ICC Development (International) Ltd. v. Arvee Enterprises and Anr.
ICC Development (International) Ltd. v. Arvee Enterprises and Anr.
2003 (26) PTC 245
ICC Development (International) Ltd. (IDL), the Plaintiff, was formed by the members of the International Cricket Council (ICC) to own and control its commercial rights including media rights, sponsorships and other intellectual property rights relating to the ICC events.
IDL was the organizer of the ICC Cricket World Cup held in South Africa, Zimbabwe and Kenya from February 8 till March 23, 2003.
IDL had created a distinct logo and a mascot for the event and filed applications for registration of its trademark in several countries including India, where it had filed applications for registration of the words “ICC Cricket World Cup South Africa 2003” and the logo and the mascot “Dazzler”.
When Defendants, Arvee Enterprises, an authorised dealer for sale and service of electronic goods manufactured by Philips India Ltd. were offering Cricket World Cup tickets as prizes, using the slogans “Philips: Diwali Manao World Cup Jao” and “Buy a Philips Audio Systems win a ticket to the World Cup”, inserting a pictorial representation of a ticket with an imaginary seat and gate number saying “Cricket World Cup 2003”, IDL filed a suit in Delhi High Court for temporary injunction restraining the Defendants from publishing any advertisement associating themselves with the Plaintiff and the “Cricket World Cup” in any manner whatsoever.
Arguments on behalf of the Plaintiff:
• The Defendants were misrepresenting their association with the Plaintiff and the World Cup, by advertising in media, including newspapers, television, the Internet and magazines.
• Defendants’ intention is to unlawfully derive commercial benefit by associating itself with the Plaintiff and the World Cup, thereby seeking to piggy back on the reputation of the Plaintiff;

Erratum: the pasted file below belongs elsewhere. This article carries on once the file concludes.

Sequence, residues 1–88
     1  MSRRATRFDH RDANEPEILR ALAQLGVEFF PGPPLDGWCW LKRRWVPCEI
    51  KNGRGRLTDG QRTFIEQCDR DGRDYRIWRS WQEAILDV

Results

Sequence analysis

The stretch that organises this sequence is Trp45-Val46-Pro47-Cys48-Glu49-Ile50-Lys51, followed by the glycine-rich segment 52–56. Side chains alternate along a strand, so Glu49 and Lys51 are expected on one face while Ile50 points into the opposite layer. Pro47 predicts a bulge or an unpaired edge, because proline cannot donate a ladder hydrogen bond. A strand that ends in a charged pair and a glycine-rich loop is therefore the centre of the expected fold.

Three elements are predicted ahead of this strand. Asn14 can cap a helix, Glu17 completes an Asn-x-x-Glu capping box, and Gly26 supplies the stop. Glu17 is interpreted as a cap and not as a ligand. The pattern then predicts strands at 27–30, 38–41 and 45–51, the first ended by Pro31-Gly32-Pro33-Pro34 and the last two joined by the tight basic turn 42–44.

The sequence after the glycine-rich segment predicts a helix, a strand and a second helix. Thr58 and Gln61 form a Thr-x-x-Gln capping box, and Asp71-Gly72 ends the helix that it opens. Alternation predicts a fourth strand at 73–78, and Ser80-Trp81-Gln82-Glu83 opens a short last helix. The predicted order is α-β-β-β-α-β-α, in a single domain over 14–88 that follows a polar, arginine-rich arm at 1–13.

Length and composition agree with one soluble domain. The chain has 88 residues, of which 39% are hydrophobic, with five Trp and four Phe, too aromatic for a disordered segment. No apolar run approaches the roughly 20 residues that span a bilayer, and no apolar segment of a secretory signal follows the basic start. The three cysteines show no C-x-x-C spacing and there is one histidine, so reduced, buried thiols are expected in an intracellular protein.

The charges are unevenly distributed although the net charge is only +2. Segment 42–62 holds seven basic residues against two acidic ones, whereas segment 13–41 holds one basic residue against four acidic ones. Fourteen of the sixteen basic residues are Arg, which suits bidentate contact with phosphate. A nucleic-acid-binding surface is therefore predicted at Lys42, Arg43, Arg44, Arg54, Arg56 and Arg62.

• Defendants’ actions were malafide and dishonest guided by the sole intent of damaging the reputation of the Plaintiff and the sponsors of the event, who are engaged in the same line of business as the Defendants are, and who have been duly authorised by the Plaintiff to associate themselves with the World Cup and to offer such schemes;
• The ticket conditions of the World Cup event prohibit such distribution of tickets, unless authorised by the Plaintiff;
• The Defendants have resorted to ‘ambush marketing’ to take advantage of the World Cup event without investing anything towards its success; and
• Defendants are depriving the sponsors of the World Cup event from enjoying the exclusivity of rights granted to them and preventing the Plaintiff from performing its contractual obligations.
Arguments on behalf of the Defendants:
• The words “World Cup” have been used in their advertisements in a generic manner and they have not used either the logo or the entire phrase “ICC Cricket World Cup South Africa 2003”;
• The slogan merely shows that the purchaser of their goods may win a ticket or a travel package to see the World Cup event and there is nothing in the advertisement to create any confusion in public mind that they are sponsors or licensees of the event;
• They have not sought to derive any association, relationship or affiliation with the Plaintiff
• The “World Cup” is a generic word and have been used to refer to several other international sporting events. It is also not protected by any international treaty or domestic law unlike the word “Olympic” and its logo, which is protected under the Emblems and Names (Prevention of Improper Use) Act 1950;